“We’re still at the very early stages of a revolution that’s not about bim but about access to data,” says Myers. “You can get great design and you can be design-first and you can do it better if you control costs and create better processes. The great example is the Beekman Tower in Manhattan. A lot of the work GT did allows that funky, wavy curtain wall to be built for no greater cost than a normal, flat curtain wall.”

Myers claims that it’s not about who’s in control of the data. But it’s easy to imagine that most of the big names that make up the advisory board will be hoping the control lies primarily in the hands of those with the most interest in preserving the quality of the design behind every project — the architects.

The focus is now also on how workflow can be continuously controlled by the design team

Former Gehry Partners and Gehry Technologies director, Cristiano Ceccato, is now leading Zaha Hadid Architect’s involvement with the GT board, having joined the practice as an associate three years ago. He is clear that there this is an opportunity to explore how the architect can again take a more central role .

“In the end, the value and power will rise from the control of information,” says Ceccato. “If I have a virtual model that can be used not just to co-ordinate the project, but to control the cost, the construction and execution of the development, that knowledge needs to be marshalled by someone and that should be the architect.

“That data is being constantly augmented and updated, but must be administered. GT has been providing the technological tools to do that. The focus is now also on how that workflow can be continuously controlled by the design team. GT is once removed from the day to day of being involved with clients and contractors, so we provide very precious knowledge about what it actually needs to be doing.

“There’s also a certain level of evangelism,” he concludes. “Everybody is keen on seeing a more integrated and fluid approach across the trades and disciplines, not just in design but in construction and procurement. We may be in competition on projects, but we all share the desire to execute work properly.”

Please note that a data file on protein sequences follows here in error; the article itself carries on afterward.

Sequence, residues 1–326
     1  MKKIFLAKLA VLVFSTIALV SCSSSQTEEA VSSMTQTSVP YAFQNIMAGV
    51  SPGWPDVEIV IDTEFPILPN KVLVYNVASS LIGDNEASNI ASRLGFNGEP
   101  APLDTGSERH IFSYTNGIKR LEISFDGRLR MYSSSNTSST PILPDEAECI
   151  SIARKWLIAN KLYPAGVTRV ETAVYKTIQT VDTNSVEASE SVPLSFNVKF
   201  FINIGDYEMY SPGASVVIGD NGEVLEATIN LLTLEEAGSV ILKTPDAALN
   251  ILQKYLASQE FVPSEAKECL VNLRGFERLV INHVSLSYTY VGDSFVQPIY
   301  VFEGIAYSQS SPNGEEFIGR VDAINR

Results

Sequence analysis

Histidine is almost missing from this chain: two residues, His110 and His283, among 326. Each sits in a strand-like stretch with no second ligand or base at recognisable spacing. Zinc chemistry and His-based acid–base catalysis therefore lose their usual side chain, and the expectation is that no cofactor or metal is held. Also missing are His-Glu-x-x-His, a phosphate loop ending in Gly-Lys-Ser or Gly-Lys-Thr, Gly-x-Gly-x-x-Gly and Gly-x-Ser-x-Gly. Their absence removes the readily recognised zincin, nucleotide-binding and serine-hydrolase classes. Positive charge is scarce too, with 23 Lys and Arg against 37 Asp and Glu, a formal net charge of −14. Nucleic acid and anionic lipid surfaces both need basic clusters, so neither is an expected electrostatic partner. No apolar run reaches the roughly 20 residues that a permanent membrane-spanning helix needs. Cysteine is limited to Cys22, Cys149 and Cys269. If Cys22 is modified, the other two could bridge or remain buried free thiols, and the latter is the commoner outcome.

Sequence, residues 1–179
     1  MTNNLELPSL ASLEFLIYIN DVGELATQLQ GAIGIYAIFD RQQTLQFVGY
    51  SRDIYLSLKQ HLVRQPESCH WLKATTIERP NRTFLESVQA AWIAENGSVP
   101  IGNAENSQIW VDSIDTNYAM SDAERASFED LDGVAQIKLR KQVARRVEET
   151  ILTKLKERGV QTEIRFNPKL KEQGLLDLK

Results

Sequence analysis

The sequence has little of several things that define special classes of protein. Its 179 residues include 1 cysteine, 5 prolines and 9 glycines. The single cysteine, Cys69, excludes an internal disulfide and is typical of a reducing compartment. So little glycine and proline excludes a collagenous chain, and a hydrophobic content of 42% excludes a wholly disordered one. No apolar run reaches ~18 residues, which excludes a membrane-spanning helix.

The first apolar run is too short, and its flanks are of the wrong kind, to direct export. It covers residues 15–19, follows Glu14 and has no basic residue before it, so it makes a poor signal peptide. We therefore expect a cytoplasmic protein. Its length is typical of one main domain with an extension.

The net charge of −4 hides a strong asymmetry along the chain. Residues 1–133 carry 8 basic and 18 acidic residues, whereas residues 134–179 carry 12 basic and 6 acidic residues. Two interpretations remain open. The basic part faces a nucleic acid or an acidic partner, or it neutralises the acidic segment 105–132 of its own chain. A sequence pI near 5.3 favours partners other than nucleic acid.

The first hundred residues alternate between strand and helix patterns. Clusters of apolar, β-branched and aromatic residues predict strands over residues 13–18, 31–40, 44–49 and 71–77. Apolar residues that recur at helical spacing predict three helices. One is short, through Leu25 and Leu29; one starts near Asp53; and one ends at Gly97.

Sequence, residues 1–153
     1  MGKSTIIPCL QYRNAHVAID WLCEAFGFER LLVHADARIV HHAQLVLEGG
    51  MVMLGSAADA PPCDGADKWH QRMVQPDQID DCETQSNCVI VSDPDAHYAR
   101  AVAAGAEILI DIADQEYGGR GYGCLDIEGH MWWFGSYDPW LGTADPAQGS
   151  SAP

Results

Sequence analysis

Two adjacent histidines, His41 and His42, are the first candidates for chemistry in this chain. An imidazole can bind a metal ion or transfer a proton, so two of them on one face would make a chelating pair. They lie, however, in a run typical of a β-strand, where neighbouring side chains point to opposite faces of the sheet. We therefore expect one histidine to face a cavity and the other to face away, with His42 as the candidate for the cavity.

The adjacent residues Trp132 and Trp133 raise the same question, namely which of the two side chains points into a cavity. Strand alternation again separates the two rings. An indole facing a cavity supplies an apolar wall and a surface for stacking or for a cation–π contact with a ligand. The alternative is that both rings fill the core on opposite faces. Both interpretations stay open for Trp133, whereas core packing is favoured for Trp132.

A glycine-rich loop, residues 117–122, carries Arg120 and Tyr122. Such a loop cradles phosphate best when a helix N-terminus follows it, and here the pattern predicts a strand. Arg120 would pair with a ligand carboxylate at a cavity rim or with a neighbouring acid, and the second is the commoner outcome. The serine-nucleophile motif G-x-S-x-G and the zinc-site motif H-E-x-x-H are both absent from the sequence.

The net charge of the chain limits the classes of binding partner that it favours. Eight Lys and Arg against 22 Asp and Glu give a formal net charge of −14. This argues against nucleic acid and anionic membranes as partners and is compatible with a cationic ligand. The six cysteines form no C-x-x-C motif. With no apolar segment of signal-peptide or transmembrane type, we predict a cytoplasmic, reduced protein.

Autodesk deal could create universal bim platform

In the same week that it revealed details of the new strategic advisory board, Gehry Technologies also announced an equally unusual alliance with Autodesk. Given that GT produces its own construction design and management technology with developer Dassault Systèmes — called Digital Project — Autodesk would traditionally be considered a major rival.
However, GT and its new board have identified one of the major challenges facing the construction industries and the drive towards bim adoption: the incompatibility of data being generated on projects by designers, contractors, clients, project managers, M&E engineers and environmental engineers .

By teaming up with Autodesk, GT is making the first gesture towards developing an all-encompassing approach that could result in a single platform that marshals everyone’s data into one manageable, collaborative tool — a tool that would be hugely valuable.

By widening the software choice for its clients, GT is attempting to ensure that they can use the right tools for the job or take advantage of existing software knowledge within the design and construction businesses.

“In any industry a good consultant will use the right tools for the job and we expect nothing different here. We think someone like GT will be able to connect the pieces together more seamlessly,” says Autodesk AEC vice president Jim Lynch.

“This does open the landscape up a bit.”